Oliver (standing at the bin), Horatio (sitting), Truffles (sniffing the ground) and Augusta.

In Adelaide’s south-west parklands, near to the railway station of the Indian Pacific train, is Wirrarninthi Park, a reserve and a nature/sculpture trail. It is designed to be educational, an essential part of it being the re-planting of trees.

Wirrarninthi/Park 23’s traditional owner is the Kaurna people of the Adelaide Plains. adelaidecityexplorer.com.au describes it as follows:

‘In 1997 the Adelaide City Council signed a reconciliation statement that recognised prior occupation of the city site by the Kaurna and committed the council to recognising their heritage. The council resolved to give its parklands and squares Kaurna names in consultation with appropriate authorities and community organisations.

In 2013 Park 23’s name of Wirranendi was renamed Wirrarninthi, (‘to become wirra’) which means to ‘become transformed into a green, forested area’. The name describes the process of ‘reclamation’ of the park being undertaken by the council. Activities include the construction of a Kaurna food and medicine trail and revegetation with native plants and protected indigenous flora.’

Rundle Mall Pigs

Marguerite Derricourt's 'Rundle Mall Pigs' in Adelaide shopping centre; Oliver, Horatio, Truffles & Augusta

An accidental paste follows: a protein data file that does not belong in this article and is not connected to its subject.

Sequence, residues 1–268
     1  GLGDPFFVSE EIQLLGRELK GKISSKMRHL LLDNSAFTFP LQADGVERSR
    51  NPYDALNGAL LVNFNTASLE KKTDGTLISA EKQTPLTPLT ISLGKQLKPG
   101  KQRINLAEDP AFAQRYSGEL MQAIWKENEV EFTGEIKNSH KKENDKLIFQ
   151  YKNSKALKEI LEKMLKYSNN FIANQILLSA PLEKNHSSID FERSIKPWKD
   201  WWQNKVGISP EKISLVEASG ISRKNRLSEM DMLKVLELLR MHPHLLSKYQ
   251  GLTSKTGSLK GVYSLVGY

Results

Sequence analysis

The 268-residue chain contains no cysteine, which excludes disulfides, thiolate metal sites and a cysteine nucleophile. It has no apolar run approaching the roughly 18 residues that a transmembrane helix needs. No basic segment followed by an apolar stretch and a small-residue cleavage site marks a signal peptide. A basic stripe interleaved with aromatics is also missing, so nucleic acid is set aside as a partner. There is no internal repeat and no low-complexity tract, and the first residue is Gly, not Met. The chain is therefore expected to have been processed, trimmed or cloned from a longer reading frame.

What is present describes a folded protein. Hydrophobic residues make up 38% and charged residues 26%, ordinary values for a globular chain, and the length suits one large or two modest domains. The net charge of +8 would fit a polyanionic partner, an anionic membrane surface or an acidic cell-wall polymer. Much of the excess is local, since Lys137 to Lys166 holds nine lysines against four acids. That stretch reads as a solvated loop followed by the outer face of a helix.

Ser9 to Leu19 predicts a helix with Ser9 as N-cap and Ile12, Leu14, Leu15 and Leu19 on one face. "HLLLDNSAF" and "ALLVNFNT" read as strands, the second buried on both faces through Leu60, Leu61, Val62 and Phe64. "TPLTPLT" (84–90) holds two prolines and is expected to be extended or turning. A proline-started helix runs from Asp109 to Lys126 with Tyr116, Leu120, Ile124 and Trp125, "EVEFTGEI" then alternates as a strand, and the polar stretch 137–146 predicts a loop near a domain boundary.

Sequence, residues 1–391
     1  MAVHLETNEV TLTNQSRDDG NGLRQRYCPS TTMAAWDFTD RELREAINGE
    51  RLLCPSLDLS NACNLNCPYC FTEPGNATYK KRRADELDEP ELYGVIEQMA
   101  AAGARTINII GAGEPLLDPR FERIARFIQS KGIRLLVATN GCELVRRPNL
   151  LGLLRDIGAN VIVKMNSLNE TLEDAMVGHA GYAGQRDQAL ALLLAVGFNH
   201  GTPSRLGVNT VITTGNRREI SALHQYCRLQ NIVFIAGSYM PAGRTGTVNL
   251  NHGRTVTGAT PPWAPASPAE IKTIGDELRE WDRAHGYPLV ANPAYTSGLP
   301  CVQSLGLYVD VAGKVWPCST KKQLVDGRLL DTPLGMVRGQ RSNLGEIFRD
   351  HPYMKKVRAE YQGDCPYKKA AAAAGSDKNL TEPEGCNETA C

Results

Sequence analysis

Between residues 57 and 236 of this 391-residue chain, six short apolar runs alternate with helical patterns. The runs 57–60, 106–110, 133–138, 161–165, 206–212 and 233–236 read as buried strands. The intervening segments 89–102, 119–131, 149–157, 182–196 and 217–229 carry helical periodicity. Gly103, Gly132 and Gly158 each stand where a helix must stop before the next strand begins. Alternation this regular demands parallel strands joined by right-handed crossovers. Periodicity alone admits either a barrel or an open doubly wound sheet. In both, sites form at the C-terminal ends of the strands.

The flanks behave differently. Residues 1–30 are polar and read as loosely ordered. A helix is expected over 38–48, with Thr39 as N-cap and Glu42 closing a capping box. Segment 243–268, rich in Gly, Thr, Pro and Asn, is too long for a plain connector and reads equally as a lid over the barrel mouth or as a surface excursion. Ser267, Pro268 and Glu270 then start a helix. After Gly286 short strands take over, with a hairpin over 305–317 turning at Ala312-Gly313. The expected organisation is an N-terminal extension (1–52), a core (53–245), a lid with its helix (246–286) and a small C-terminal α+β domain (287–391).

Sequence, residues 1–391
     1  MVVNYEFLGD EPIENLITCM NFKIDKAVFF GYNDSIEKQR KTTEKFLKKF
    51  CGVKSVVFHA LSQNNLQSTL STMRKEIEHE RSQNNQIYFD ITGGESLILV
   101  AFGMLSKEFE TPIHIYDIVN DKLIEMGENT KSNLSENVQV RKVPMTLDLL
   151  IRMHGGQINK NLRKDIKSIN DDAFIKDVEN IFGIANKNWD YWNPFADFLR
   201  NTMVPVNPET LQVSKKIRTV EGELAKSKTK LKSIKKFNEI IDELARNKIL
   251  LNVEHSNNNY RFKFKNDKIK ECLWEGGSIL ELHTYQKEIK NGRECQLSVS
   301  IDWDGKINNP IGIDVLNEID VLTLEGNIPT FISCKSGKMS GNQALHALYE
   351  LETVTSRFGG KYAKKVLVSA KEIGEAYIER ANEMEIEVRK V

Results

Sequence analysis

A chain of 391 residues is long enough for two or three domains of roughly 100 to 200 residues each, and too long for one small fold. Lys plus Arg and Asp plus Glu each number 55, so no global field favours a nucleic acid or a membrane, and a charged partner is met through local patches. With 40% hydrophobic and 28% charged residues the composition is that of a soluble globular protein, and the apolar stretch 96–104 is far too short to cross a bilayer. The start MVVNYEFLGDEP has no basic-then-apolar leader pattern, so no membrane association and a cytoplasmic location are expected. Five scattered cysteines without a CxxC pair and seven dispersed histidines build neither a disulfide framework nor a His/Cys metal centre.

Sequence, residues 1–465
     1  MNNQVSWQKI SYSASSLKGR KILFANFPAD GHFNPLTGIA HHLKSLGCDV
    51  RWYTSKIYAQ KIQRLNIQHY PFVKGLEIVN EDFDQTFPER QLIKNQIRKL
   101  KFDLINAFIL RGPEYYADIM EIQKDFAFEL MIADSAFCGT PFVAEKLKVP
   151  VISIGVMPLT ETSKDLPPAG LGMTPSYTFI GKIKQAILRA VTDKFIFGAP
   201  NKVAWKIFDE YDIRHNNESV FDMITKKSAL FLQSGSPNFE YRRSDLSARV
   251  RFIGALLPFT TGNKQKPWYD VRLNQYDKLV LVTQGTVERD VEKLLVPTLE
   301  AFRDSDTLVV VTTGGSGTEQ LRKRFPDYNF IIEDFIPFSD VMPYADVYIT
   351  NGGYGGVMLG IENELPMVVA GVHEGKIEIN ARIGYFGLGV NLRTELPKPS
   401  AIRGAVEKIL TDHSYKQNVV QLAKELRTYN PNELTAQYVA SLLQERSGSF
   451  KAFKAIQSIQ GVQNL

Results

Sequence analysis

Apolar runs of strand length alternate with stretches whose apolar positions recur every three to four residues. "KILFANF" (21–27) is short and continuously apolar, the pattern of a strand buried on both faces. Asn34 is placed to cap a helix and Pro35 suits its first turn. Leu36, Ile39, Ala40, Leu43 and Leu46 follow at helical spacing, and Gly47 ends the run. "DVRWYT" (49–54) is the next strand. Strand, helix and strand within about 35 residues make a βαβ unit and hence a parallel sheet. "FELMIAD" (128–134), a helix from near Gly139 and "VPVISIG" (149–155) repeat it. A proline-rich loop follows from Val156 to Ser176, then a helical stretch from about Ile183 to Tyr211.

Marguerite Derricourt's 'Rundle Mall Pigs' in Adelaide shopping centre; Oliver, Horatio, Truffles & Augusta

Pigs in Clover

Oliver stands atop the bin

rifling through the goodies therein.

Horatio sits in thoughtful pose

wondering where each shopper goes.

Truffles sniffs the ground, to eat?

Does he think he’ll find such treats?

Augusta, though, just stands and stares;

‘Why do people shop? Who cares?’

You can’t fail to give them a glance,

photograph them, watch them dance.

Do they think we’re mad for shopping?

I think they like it here - they’re stopping.

Cat and Possum in the Park

Cat Sculpture along the Interpretative Trail in Wirrarninthi Park

Cat Sculpture along the Interpretative Trail in Wirrarninthi Park

Possum - confident in its surroundings

Possum - confident in its surroundings

Wirrarninthi Park

You wander through this peaceful glade,

on the edge of the city it was made

to reconcile two different peoples

who vied for Adelaide.

They aimed to reinstate the trees

established once down many years,

to grow the native plants, protect fauna,